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Airplane Door Question (opening/closing)

Mon Oct 14, 2002 7:18 am

Hey heres another aircraft door question. I know when opening a 737 door the handle can be pulled out of its little "socket" but you have to continue holding it, because if you let go it will go back into its resting place unless it is turned in the way where in litteraly cant (the same as if you have a 10 foot beam 8in in diameter and pull it out of its 10'x9" socket horizontaly and then put it vertical it will not fit back in). My question is however, is that how it is on the Boeing 757s,747s, and 777s???
Thanks for helping me with this dumb question, but i was interested to know, thanks!
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RE: Airplane Door Question (opening/closing)

Mon Oct 14, 2002 9:08 am

The 757 door is different, the "knob" is sort of angled, and each side folds out pointing at you, and then you rotate it to open the door, the 747 is the same as the 737 only vertically on the door, and the 777 has a different kind of knob that I can't remember... hope this helps.

Topic Author
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Joined: Fri Jul 13, 2001 8:10 am

RE: Airplane Door Question (opening/closing)

Mon Oct 14, 2002 12:23 pm

Yeah that helps some, but when you say the 747s is like the 737s you mean if you pulled the 47's out and let go it would go back into its socket correct???
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RE: Airplane Door Question (opening/closing)

Mon Oct 14, 2002 2:08 pm

Since I do this for a living, and have opened (and closed) Boeing doors more times then I care to remember, I know a bit about it. The 747 and 757 are variations on the same design. The handles pivot out from the central hub and disarm the slide (if not already disarmed from inside)...This is the main reason why it is standard practice at most airlines to have the ground agents open these doors. Once the handles are moved from the stowed position, they can't retract until the door is open/closed. The 777 handle looks more like the 737, but does the same disarming function as the 747/757. The main difference in this case is that it will NOT retract until the door is closed.
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RE: Airplane Door Question (opening/closing)

Mon Oct 14, 2002 8:45 pm

Opening a door from the outside, does this effect the sequence in anyway? I.E. will a crew member be able to close from inside if it has been opened from outside, or do the handles (in and out) operate independently from each other?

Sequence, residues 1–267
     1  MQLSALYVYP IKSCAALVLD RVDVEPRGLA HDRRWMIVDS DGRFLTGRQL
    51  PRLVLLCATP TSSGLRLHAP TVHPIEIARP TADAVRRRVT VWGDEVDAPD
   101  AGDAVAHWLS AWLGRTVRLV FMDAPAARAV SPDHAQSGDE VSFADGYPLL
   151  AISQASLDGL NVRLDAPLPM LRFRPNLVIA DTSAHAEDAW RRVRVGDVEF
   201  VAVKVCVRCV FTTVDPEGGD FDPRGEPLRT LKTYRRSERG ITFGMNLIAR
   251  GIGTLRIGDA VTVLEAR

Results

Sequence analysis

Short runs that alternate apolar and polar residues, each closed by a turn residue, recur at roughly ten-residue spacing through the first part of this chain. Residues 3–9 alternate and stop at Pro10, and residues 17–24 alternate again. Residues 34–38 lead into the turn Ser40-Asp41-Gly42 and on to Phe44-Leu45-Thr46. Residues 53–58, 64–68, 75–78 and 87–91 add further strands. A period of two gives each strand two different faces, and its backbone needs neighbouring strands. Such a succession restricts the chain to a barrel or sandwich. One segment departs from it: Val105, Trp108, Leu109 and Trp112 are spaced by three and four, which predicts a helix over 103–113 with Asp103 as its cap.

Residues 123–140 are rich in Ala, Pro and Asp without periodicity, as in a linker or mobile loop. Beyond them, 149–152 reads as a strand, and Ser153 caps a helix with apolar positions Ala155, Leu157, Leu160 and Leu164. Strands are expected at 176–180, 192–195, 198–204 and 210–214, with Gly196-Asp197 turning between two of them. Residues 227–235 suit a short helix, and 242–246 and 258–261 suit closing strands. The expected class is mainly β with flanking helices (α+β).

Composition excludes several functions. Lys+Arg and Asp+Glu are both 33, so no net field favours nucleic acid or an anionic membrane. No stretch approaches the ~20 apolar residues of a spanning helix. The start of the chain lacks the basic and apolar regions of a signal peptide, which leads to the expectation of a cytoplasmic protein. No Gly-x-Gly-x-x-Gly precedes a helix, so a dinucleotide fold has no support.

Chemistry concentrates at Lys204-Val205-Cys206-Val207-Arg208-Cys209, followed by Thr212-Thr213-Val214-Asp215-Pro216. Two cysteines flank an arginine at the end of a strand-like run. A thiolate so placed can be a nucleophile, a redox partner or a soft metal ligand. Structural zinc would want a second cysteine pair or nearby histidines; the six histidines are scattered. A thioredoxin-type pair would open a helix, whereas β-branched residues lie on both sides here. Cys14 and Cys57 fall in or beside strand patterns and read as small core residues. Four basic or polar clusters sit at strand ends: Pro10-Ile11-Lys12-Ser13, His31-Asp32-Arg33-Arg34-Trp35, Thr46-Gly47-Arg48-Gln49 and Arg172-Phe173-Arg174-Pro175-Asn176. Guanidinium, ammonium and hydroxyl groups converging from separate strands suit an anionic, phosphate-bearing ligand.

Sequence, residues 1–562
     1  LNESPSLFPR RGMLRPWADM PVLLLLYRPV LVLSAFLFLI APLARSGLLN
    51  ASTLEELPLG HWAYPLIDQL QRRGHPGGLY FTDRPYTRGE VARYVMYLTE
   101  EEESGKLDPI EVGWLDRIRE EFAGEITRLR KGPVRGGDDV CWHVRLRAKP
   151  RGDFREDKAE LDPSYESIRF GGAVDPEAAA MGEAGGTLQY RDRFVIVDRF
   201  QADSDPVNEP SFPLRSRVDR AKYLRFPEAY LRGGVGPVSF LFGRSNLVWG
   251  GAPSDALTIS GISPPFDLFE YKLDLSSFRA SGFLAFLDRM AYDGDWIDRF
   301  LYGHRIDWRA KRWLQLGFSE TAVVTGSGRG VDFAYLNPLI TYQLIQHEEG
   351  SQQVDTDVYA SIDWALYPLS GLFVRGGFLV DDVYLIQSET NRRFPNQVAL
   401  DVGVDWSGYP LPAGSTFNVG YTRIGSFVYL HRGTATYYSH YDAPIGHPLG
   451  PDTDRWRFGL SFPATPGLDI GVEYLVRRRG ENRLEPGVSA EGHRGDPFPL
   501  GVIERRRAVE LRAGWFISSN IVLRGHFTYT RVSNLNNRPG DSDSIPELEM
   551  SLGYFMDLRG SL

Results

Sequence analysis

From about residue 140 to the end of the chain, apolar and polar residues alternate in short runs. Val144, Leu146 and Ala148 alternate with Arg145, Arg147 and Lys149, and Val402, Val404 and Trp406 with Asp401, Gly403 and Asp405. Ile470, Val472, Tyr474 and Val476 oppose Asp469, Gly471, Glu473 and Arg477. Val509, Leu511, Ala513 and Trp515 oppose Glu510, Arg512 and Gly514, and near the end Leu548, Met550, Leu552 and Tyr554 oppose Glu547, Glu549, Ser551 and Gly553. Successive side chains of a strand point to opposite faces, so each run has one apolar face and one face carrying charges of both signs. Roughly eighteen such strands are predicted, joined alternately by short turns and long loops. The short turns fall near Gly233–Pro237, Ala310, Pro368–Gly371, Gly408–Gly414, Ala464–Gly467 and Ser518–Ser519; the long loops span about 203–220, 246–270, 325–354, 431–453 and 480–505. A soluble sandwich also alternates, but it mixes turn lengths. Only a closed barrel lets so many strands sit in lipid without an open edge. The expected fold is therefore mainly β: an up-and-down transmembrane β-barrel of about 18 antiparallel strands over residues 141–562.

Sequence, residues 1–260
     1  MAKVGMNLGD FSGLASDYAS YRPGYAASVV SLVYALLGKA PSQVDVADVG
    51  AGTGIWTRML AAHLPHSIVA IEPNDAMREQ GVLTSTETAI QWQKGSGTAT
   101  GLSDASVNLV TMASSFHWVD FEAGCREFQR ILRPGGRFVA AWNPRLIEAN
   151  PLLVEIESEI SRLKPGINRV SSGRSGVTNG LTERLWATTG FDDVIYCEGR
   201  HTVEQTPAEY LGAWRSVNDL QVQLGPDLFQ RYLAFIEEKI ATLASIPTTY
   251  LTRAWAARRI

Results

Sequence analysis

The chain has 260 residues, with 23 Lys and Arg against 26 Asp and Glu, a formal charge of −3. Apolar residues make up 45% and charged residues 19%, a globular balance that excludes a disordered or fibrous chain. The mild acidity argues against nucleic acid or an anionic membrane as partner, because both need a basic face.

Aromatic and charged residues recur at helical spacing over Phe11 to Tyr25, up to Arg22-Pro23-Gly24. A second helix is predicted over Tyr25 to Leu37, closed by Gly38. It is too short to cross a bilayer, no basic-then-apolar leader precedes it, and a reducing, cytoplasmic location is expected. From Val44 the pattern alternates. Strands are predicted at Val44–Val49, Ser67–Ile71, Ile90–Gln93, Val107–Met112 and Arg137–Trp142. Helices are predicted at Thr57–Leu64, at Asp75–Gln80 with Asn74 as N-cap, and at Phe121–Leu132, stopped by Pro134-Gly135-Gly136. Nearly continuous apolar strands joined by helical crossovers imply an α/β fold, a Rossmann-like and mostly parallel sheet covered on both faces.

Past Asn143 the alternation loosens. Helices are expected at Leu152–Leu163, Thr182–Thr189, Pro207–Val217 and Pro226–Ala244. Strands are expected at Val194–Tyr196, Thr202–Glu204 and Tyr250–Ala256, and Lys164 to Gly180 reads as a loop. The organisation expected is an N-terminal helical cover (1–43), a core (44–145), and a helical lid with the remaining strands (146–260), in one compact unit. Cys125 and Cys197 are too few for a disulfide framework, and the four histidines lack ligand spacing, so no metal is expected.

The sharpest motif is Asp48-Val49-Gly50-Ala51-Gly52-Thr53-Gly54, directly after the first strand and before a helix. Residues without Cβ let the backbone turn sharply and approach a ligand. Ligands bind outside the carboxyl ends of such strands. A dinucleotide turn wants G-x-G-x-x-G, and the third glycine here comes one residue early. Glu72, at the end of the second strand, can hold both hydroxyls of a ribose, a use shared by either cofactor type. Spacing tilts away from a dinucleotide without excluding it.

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RE: Airplane Door Question (opening/closing)

Tue Oct 15, 2002 9:56 am

If the door has been opened from the outside, it makes no difference whether it is closed from the inside or the outside, but the handle on the outside can only be stowed from the outside, unlike on the Airbus, if the handle is not stowed on the outside, when the door is closed form inside it will stow the handle on the outside.

I have a question though.

On Boeing a/c, the doors are the plug type that close in then those little flaps at the top and bottom flip out when the door is locked, so when the cabin is pressurized you can't open the door. The Airbus doors however are not like that and are the type that just close in then drop down to lock. Would it theoretically be possible to open the Airbus style door in flight ?. Just wondered as when you raise the handle on the Airbus door, the door raises with it and if it was raised far enough, the door would come out of the catches that keep it shut.

I ask because I met a flight once (A321) where a pax had tried to open the door just as the a/c was on finals, but got wrestled to the floor by other pax, and always wondered what would have happened if those pax hadn't intervened.

"She Rolls, 45 knots, 90, 135, nose comes up to 20 degrees, she's airborne - She flies, Concorde Flies"
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RE: Airplane Door Question (opening/closing)

Tue Oct 15, 2002 4:08 pm

Airbus doors are plug-types. As I understand it, at low-speeds, a mechanism called a cooper-lock is triggered which locks the door in place, and so cannot be opened. Although this might only be on some planes-about three years ago, a guy hijacked an indonesian a-330, and bailed out at about 10 000f, by opening a rear cabin door (he died...). I'm sure though that the captain depressurised and released the door locks.

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